Are Life Insurance Proceeds Taxable?


There are actually two short answers here – no, and sometimes. Confused? It’s actually not that complicated. There are two answers, because there are two potential tax liabilities that could be incurred as a result of receiving life insurance proceeds.

Regular Income Tax Liability

This is the tax liability that most people are most immediately concerned with. After all, if you suddenly receive a six-figure benefit from the payout of a life insurance policy from a loved one, it seems to make sense that there will be some sort of tax liability connected with that payout.

In reality however, life insurance proceeds are generally not subject to ordinary income tax. That’s certainly true when the beneficiary is the spouse of the insured decedent. But it’s also true of the decedent’s other heirs.

As a general rule, life insurance proceeds are not subject to regular income because the premiums paid are not deductible from the insured’ income. Therefore, the death benefit pay-out passes without being subject to income tax liability.

Estate Taxes – the Potential “Gotcha Tax”

Estate taxes are far more likely to occur with life insurance proceeds than income taxes, though most people are less aware of them, or how and when they apply. In most cases, and for most people, estate taxes will not apply to life insurance proceeds. When they do, it typically involves very high value estates. It all depends on what the life insurance proceeds do to the decedent’s estate valuation.

How does life insurance figure into the estate tax picture? While life insurance proceeds are not taxable as ordinary income, they are required to be added to the estate of a decedent. That means that if a person dies and leaves an estate worth $2 million, plus $500,000 life insurance policy, the estate will be valued at $2.5 million for estate tax purposes.

Life insurance proceeds received as a result of the death of a spouse will not be subject to estate taxes since it is effectively a transfer between spouses. And even when proceeds pass to beneficiaries who are not spouses, the estate tax will usually not be triggered unless those proceeds, when combined with the decedent’s other assets, exceed certain thresholds.

For federal estate tax purposes, the estate is not subject to the estate tax until it exceeds $5.45 million. That’s the estate tax threshold for 2016, but the amount of the threshold is increased periodically. Still, with a threshold that’s that high, most estates will not be subject to Federal estate taxes, even when life insurance is included.

A much more common estate tax concern is at the state level. Several states have estate tax thresholds that are below the federal level. In most such cases, the state estate tax threshold is well below the federal, often falling between $1 million and $2 million. At the extreme is New Jersey, where the estate tax threshold is triggered at only $675,000.

Fortunately, there are a couple of ways to avoid incurring the estate tax.

Transfer the Policy to Someone Else

This involves transferring the policy to another individual. That means that you will no longer own the policy, and will have no control over it in the future. You will not be able to make changes to the policy, including changing the beneficiary or any of the other terms of the policy.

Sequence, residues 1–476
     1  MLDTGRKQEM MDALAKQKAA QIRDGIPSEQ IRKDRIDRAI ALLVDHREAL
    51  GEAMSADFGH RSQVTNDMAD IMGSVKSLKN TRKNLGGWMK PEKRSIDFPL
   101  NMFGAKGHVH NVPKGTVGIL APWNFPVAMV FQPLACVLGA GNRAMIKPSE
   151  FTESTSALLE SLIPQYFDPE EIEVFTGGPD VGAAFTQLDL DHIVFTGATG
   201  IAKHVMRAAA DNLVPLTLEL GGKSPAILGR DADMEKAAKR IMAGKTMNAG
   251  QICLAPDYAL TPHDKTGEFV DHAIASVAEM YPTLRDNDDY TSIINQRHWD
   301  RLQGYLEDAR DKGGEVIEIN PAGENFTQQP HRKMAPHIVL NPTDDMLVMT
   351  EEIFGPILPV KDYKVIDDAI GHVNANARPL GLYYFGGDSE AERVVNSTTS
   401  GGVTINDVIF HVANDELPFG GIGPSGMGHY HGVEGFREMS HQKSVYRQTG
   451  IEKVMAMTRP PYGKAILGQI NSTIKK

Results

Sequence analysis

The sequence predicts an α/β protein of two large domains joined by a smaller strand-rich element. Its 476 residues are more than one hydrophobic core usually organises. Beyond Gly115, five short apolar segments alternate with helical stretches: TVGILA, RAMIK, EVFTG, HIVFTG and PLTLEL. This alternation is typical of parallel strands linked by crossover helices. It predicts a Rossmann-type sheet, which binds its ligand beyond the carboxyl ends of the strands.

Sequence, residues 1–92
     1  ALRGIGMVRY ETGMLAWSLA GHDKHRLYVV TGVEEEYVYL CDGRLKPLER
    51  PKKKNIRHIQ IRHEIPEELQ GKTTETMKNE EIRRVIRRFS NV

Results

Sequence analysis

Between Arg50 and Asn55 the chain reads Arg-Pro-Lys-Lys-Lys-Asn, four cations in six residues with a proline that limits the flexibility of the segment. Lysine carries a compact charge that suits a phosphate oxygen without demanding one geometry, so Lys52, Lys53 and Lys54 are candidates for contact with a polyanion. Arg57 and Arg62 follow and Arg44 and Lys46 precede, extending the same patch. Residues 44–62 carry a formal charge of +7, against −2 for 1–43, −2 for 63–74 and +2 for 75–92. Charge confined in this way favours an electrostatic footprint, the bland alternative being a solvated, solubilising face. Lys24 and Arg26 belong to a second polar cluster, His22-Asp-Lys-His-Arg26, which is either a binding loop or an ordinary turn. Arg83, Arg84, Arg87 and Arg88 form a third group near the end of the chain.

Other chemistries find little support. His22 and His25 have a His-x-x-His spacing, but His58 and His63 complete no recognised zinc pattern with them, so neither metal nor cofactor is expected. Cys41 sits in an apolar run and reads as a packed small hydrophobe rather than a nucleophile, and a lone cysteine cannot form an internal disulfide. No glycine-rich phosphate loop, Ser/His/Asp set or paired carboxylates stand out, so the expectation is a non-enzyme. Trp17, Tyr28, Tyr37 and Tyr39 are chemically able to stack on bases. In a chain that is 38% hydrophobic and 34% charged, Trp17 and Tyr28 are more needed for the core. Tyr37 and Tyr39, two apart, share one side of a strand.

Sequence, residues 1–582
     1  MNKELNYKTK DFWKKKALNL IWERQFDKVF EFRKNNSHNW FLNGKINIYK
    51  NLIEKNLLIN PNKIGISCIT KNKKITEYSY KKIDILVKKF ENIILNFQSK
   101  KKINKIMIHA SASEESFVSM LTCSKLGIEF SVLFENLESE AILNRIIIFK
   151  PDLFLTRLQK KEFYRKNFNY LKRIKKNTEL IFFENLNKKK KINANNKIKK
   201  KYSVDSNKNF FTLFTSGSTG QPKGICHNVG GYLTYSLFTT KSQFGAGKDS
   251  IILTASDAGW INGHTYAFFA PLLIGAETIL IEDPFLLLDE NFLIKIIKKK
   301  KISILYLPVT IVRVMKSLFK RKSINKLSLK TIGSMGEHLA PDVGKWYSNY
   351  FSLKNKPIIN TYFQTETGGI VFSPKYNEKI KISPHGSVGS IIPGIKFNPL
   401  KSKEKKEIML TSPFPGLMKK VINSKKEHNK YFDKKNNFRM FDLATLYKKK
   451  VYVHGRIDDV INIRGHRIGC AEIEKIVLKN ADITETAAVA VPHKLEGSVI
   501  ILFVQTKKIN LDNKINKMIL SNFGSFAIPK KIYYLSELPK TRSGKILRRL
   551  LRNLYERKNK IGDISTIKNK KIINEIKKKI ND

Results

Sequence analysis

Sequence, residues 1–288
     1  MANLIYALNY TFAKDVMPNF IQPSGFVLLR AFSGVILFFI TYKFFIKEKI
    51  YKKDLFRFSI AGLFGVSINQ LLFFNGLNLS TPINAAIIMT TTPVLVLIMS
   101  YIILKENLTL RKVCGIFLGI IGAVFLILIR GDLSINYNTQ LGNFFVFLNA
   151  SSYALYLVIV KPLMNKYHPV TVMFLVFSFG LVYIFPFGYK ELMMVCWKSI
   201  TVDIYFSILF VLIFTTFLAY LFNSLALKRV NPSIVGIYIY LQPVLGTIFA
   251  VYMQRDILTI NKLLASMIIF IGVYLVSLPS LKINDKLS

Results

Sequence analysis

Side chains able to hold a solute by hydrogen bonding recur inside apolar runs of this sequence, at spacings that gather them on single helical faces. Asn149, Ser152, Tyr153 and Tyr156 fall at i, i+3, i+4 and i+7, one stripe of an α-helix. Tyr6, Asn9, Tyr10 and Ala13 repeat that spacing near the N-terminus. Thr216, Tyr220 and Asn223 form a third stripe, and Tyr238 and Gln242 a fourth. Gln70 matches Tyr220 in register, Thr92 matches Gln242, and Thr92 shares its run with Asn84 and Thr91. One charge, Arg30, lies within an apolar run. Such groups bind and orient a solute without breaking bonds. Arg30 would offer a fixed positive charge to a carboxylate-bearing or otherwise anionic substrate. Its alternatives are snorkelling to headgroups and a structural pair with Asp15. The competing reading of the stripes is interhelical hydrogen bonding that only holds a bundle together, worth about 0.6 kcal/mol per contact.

There are a couple of important limitations with this strategy:

Three year look-back. If you transfer a life insurance policy to another person, and you die within three years of the transfer, the life insurance policy proceeds will still be included in your estate. This means that you will not be able to avoid the estate tax by transferring the policy “on your deathbed”. It is a long-term strategy, that must be put in place well before.

Gift tax. This is not a problem with term life insurance policies, because they do not accumulate cash value. But it could become a problem with whole life policies, and other life insurance types that include an investment provision. Since you will be transferring a life insurance policy to another individual, the cash value included in the policy will be considered a gift for tax purposes.

For 2016, you can gift up to $14,000 without incurring the gift tax. If the cash value of your life insurance policy is less than $14,000, no gift tax will be owed. But if the cash value exceeds $14,000, you may incur a gift tax. (Your accountant however can usually get around this by filing IRS Form 709, which enables you to apply the excess amounts against your $5.45 million lifetime estate limit.)

Transfer the Policy to a Trust

You can also transfer the policy into a life insurance trust, which will be an excellent strategy in the event that there is no individuals whom you are comfortable enough to trust in taking ownership of the policy and allowing it to payout according to your terms.

Just as is the case with transferring the life insurance policy to an individual, if you transfer it to a trust, the trust becomes the owner of the policy. That is to say that you will have no control over the policy from that point forward. However, the trust is also the beneficiary of the policy, and you can decide who the beneficiaries will be, and what the monetary distribution will be as part of the trust when you create it.

In order for you to be able to exclude the proceeds of the life insurance policy from your estate, the trust must be set up as an irrevocable trust, which means that you cannot dissolve it once it is created. In addition, you cannot be a trustee on the trust – all connections between you and the life insurance policy must end, apart from the fact that the policy will pay out on your death.

These tax exemptions are a big part of what makes life insurance attractive as a way to transfer wealth to your heirs upon your death. And that’s over and above the more obvious benefits of providing money for final expenses.